If Iraq had not been invaded it is estimated that 654,965 people who died, would not have done so, according to an article in The Lancet, Thursday October 12, 2006.

Two years ago another article, also published in The Lancet, had estimated that about 100,000 extra lives were lost because of the invasion between March 2003 – September 2004.

In this new paper, Gilbert Burnham, John Hopkins Bloomberg University, USA, and team came to the 654,965 figure by calculating total deaths between March 2003 to June 2006, and comparing them with total deaths during January 2002 to March 2003 (before the invasion).

47 sites throughout the country were selected, each containing between 1849 households and 12,801 household members. Each household was asked about births, deaths, in-migration and out-migration between May and June 2006. When a death had occurred in a household death certificates were produced 92% of the times. The researchers did not ask household members whether the dead household members were civilians or combatants.

Of the 629 deaths reported, 87% (547) of them had happened after the invasion. This compared to 13% (82) before the invasion. The researchers concluded that the mortality rate before the invasion was 5.5 per 1000 people annually, compared to 13.3 per 1000 people after the invasion. The authors of the paper say this post-invasion mortality rate is, in fact, a humanitarian emergency.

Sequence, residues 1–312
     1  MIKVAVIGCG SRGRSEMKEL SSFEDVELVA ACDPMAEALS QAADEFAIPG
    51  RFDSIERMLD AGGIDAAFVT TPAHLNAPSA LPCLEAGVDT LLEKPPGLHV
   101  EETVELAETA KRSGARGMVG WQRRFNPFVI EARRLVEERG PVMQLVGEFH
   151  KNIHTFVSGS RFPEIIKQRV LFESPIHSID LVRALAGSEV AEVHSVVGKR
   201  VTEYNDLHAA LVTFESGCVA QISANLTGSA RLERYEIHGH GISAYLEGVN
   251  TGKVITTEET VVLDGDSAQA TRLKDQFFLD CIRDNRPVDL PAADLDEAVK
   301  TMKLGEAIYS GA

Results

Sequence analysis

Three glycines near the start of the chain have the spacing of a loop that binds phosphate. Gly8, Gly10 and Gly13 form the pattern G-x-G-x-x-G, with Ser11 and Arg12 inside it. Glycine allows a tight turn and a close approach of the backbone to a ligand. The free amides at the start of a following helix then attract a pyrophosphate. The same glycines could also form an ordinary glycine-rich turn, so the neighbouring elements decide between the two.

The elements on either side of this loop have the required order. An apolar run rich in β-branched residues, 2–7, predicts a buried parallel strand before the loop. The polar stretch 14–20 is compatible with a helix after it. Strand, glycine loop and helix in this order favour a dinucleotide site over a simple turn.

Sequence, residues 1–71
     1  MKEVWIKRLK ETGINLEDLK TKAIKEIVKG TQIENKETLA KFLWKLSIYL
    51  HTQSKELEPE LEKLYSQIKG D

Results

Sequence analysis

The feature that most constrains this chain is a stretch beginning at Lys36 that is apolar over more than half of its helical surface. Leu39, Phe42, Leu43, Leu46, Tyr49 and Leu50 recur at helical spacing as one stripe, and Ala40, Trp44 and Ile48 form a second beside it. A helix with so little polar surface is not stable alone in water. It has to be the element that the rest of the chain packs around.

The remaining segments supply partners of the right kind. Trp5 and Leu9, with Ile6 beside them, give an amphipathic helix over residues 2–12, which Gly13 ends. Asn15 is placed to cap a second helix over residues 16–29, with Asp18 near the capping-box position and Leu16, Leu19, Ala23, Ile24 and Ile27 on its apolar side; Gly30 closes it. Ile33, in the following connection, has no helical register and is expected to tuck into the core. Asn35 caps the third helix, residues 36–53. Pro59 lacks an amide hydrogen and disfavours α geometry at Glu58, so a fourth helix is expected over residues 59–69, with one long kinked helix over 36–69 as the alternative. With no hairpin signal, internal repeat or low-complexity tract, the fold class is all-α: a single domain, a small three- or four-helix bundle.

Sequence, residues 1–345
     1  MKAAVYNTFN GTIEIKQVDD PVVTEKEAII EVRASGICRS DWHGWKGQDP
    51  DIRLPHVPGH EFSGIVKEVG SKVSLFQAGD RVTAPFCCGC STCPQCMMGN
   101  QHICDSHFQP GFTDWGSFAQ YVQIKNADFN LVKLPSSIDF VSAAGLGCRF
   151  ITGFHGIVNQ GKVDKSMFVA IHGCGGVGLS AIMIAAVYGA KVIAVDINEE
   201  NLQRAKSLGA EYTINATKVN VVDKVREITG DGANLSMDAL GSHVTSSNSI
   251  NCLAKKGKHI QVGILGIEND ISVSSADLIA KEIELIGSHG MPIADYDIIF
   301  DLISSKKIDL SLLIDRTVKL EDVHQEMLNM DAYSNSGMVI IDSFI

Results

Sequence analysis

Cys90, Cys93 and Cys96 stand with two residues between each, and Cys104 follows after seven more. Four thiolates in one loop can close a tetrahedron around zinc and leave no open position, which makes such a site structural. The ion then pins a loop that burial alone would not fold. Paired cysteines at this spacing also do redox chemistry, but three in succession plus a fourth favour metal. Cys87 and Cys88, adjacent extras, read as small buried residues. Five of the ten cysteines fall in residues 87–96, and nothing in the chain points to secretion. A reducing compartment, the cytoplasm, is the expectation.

Based on the information above, the authors estimate that an extra 654,965 (minimum 329,979 to maximum 942,636) people died as a result of the invasion of Iraq. In other words, 654,965 fewer people would have died if mortality rates had continued at 5.5 per 1000 people (the rate before the invasion).

Some more information the researchers found:

— Violent death totals have risen each year since the invasion
— Of the extra 654,965 deaths, 610,000 died violently
— 56% of violent deaths were due to gunshots
— Car bombs, air strikes and other explosions accounted for 13-14% of violent deaths
— Deaths attributable to coalition forces account for 31% of violent post-invasion deaths
— Even though the proportion of deaths attributable to coalition forces fell this year, on every single year total numbers since the invasion have gone up

654,965 people represents 2.5% of Iraq’s total population. 2.5% of the USA would be 7.5 million deaths, 2.5% of the UK’s population would be 1.5 million deaths. During The Second World War the United Kingdom lost 0.94% of its population, France lost 1.35%, China lost 1.89% and the USA lost 0.32% (Wikipedia).

Download the report (PDF)

Written by: Christian Nordqvist
Editor: Medical News Today